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Project: Custom Enumerables


You should be very familiar with the Enumerable module that gets mixed into the Array and Hash classes (among others) and provides you with lots of handy iterator methods. To prove that there’s no magic to it, you’re going to rebuild those methods.


This project is a great opportunity to get comfortable using yield and the #call methods.

For this assignment, you will add your new methods onto the existing Enumerable module. Ruby makes this easy for you because any class or module can be modified by doing something like this:

  module Enumerable
    def my_each
      # your code here

For each method, create a script to compare your method to Ruby’s enumerable method, such as:

puts "my_each vs. each"
numbers = [1, 2, 3, 4, 5]
numbers.my_each  { |item| puts item }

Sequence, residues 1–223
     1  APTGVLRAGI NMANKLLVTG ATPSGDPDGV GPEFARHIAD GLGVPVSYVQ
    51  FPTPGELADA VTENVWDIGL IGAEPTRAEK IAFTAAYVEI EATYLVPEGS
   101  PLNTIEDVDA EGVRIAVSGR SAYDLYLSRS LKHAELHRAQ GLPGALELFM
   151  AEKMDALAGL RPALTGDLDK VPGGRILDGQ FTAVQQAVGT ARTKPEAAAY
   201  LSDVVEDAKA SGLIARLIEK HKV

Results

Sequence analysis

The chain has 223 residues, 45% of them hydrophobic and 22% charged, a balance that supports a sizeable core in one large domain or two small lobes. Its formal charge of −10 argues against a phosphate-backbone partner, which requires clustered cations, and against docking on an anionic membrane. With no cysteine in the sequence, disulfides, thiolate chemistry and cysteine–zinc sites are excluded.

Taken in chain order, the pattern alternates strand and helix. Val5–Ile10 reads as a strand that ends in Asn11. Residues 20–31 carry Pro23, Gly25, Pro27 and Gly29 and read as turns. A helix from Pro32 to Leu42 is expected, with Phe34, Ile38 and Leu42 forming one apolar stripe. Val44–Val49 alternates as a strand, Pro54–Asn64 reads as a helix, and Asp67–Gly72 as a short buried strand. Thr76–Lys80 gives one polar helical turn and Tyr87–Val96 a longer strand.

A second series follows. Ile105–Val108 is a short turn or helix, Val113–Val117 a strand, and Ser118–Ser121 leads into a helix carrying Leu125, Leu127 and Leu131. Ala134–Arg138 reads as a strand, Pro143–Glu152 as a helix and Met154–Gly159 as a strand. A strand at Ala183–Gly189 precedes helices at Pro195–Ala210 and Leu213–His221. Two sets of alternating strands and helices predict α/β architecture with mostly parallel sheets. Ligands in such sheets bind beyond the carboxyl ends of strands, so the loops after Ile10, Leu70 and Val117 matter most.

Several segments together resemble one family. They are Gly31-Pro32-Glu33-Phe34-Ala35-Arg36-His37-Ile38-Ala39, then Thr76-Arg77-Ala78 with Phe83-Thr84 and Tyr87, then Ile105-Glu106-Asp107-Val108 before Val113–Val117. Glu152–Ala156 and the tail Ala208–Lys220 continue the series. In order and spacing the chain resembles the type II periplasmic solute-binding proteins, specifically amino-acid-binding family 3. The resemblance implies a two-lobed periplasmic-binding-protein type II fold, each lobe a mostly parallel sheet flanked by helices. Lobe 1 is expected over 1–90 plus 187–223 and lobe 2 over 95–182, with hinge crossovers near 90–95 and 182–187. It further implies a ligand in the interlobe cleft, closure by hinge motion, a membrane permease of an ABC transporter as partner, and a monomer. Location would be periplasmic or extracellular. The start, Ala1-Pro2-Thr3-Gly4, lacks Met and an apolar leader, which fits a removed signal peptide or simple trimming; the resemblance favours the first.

numbers.each  { |item| puts item }
  1. Create #my_each, a method that is identical to #each but (obviously) does not use #each. You’ll need to use a yield statement. Make sure it returns the same thing as #each as well.
  2. Create #my_each_with_index in the same way.
  3. Create #my_select in the same way, though you may use #my_each in your definition (but not #each).
  4. Create #my_all? (continue as above)
  5. Create #my_any?
  6. Create #my_none?
  7. Create #my_count
  8. Create #my_map
  9. Create #my_inject
  10. Test your #my_inject by creating a method called #multiply_els which multiplies all the elements of the array together by using #my_inject, e.g. multiply_els([2,4,5]) #=> 40
  11. Modify your #my_map method to take a proc instead.
  12. Modify your #my_map method to take either a proc or a block. It won’t be necessary to apply both a proc and a block in the same #my_map call since you could get the same effect by chaining together one #my_map call with the block and one with the proc. This approach is also clearer, since the user doesn’t have to remember whether the proc or block will be run first. So if both a proc and a block are given, only execute the proc.
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